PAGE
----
## Toroidal moment: fringe?

This article strikes me as being nonsense (or babble, of you prefer). Someone with more knowledge than I have should determine whether this should be deleted. — Quondum 01:30, 11 June 2013 (UTC)

If it is fringe, it is of a fairly mainstream sort. The cesium result was published in Science in 1997 and another article on anapole monents of protons was published in Science in 2000. The evidence in condensed matter is weaker, but there is still the CuO Science paper referenced in the article and a Cr2O3 paper in JETP, both by different research groups. Based on the sources, it looks pretty solid to me. --Mark viking (talk) 03:24, 11 June 2013 (UTC)
The first sentence in the article, "A toroidal moment is an independent term in the multipole expansion of electromagnetic fields besides magnetic and electric multipoles.", is clearly impossible. JRSpriggs (talk) 03:56, 11 June 2013 (UTC)
While the topic is solid from a source point of view, the article could definitely use some work. I agree that the first sentence as it stands, doesn't make much sense. One can break down currents and charges into longitudinal, poloidal and toroidal components and look at how these components play out in the multipole expansions. A nice exposition of this that seems reasonable to me at first reading is in the online article Complete electromagnetic multipole expansion including toroidal moments. There is a Physics Reports article, V. M. Dubovik, V. V. Tugushev “Toroid moments in electrodynamics and solid-state physics”, Phys. Rep. 187, 145-202 (1990). that I don't have access to at the moment, that probably goes into some detail as well. --Mark viking (talk) 04:50, 11 June 2013 (UTC)
Thanks for the input on this. So at least it seems that the concept (toroidal dipole/anapole) is receiving serious attention, and that appears to address something that may have been swept under the rug before. I may be off-beam, but the reporting on anapoles in Marjorana fermions may be a little overblown, but that's an separate topic. — Quondum 19:08, 11 June 2013 (UTC)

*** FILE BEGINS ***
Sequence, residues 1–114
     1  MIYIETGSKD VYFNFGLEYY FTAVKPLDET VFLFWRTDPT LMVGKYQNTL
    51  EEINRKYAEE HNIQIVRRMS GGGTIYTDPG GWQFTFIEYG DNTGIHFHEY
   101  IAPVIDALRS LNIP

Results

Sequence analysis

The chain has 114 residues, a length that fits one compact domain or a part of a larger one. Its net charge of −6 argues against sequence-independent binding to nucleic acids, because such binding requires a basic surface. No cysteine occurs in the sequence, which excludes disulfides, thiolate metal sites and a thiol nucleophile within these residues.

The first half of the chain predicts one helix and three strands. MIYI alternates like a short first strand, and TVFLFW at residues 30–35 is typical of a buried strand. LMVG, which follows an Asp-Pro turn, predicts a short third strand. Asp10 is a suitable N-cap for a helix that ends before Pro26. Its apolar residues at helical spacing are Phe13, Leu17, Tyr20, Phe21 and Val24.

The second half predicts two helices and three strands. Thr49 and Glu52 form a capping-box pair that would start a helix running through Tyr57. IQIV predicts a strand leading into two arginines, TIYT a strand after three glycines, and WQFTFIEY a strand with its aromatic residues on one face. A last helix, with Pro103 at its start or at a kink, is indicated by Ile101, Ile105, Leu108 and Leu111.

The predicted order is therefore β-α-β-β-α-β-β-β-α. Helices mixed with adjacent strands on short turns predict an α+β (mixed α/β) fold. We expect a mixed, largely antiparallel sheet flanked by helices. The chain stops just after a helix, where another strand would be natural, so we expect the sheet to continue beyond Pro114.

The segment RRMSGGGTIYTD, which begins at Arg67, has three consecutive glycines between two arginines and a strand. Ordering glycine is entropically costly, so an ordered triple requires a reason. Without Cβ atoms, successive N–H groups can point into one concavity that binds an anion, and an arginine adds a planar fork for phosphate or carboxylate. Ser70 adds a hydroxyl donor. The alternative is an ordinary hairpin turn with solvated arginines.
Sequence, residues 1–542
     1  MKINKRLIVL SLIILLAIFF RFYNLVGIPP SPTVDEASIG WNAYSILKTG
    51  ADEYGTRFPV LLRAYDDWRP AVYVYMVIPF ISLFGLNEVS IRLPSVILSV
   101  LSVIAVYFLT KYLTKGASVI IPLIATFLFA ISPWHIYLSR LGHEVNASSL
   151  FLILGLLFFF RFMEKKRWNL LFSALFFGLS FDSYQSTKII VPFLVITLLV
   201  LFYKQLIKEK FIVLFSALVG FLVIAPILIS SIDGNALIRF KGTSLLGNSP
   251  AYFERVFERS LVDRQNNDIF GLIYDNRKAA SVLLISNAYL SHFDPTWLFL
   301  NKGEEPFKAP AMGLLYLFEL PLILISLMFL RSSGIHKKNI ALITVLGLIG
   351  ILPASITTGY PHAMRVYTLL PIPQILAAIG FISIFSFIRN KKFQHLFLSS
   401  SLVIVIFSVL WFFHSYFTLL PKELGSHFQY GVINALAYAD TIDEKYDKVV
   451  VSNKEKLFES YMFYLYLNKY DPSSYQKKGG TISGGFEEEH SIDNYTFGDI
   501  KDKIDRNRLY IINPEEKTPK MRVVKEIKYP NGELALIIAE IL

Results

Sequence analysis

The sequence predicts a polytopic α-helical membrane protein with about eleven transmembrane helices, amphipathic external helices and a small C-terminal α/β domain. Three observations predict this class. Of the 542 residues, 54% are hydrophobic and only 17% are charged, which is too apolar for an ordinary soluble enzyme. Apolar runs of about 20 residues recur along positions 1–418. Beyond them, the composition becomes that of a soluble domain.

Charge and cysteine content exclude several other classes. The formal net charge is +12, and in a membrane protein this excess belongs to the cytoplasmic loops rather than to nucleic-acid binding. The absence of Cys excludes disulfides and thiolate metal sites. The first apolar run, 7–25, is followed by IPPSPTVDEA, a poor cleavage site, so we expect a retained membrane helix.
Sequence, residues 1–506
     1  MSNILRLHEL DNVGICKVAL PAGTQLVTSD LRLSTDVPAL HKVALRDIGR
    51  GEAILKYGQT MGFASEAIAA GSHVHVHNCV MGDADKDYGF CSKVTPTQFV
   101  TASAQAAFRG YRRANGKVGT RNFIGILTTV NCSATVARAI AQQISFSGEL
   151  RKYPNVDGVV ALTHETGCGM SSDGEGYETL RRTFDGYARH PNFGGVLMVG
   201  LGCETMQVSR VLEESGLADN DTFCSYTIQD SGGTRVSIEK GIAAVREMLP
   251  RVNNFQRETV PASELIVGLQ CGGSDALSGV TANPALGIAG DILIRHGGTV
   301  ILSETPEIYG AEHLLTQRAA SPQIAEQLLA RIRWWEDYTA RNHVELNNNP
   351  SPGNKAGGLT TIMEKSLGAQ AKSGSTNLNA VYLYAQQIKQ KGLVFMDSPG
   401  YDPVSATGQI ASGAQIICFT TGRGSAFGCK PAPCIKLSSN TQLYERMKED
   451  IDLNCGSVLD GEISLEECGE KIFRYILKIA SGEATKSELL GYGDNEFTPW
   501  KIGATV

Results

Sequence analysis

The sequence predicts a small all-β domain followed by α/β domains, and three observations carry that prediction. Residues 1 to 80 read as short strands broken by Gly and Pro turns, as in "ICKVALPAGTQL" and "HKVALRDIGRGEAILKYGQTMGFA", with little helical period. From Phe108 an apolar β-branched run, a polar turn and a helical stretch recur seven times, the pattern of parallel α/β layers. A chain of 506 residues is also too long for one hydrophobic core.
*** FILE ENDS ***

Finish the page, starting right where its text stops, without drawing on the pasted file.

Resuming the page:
## Marcelo Samuel Berman

I just removed a fresh string of new edits to Marcelo Samuel Berman, all based on a primary source and looking like wp:OR. Left warnings at User talk:187.59.21.11 and User talk:177.202.75.190. Can someone have a close look at what's going on there? Looks like a fan club. - DVdm (talk) 14:13, 11 June 2013 (UTC)

## New article: Spherical basis

I started it for now, it's relevant to this wikiproject because of spherical harmonics and quantum mechanics. It is incomplete and probably full of typos/inaccuracies, and I intend to finish it soon, but it's been sitting in my userspace for a very long time so for now it's been moved into mainspace allowing others the freedom to edit it, if inclined. M∧Ŝc2ħεИτlk 08:29, 12 June 2013 (UTC)

Content has been split from spherical basis to tensor operator, which as you all already know requires the formalism of spherical harmonics and QM, and has other applications. M∧Ŝc2ħεИτlk 12:41, 16 June 2013 (UTC)

## Long Hertzsprung Russell Diagram.jpg

image:Long Hertzsprung Russell Diagram.jpg has been nominated for deletion -- 65.94.79.6 (talk) 07:09, 14 June 2013 (UTC)

## Stellar metamorphosis

Stellar metamorphosis has been nominated for deletion -- 65.94.79.6 (talk) 07:09, 14 June 2013 (UTC)

## Differing Matter Content of the Milky Way Galaxy.png

Should image:Differing Matter Content of the Milky Way Galaxy.png be nominated for deletion ? Or should it be moved to commons? -- 65.94.79.6 (talk) 07:17, 14 June 2013 (UTC)

## New maintenance lists

I've been coding a bit, and the result is a number of new maintenance lists that might be of general interest:

• User:HhhipBot/Physics pages is a complete list of the pages within the scope of WikiProject Physics. It was originally inspired by our Index of physics articles series, but with some major differences: The list is divided (roughly) by field rather than the first letter of the page name, it includes hidden links to all talk pages, and it's automatically generated, thus low-maintenance. Its main purpose is to serve as an on-wiki project watchlist in combination with the Related changes feature, like this:
• User:HhhipBot/Physics candidates is the same kind of list for articles that do not have a WP Physics tag, but are member of a tagged content category. In many cases this situation is justified, but there are many others where it would be worthwhile to check whether the article should actually get a project tag, whether it's in the right categories, and which of these categories should have a project tag.
• User:HhhipBot/Cleanup listing/Physics lists all physics articles that are tagged for cleanup, grouped by the type of cleanup needed. It's basically a copy of the cleanup lists generated by Svick's tool, but on-wiki, so it can be watchlisted and the article links are internal (that is, protocol-neutral). Bonus features are that each section can be individually transcluded, and several ways to find new or recently resolved issues.

The underlying code is still under development, but ready for some beta-testing. At the moment the bot is only run supervised, the long-term plan is to run it automatically about once a week. Comments and suggestions are welcome! — HHHIPPO 12:08, 16 June 2013 (UTC)

Very good work which is not neglected. Thanks for your efforts! M∧Ŝc2ħεИτlk 12:26, 16 June 2013 (UTC)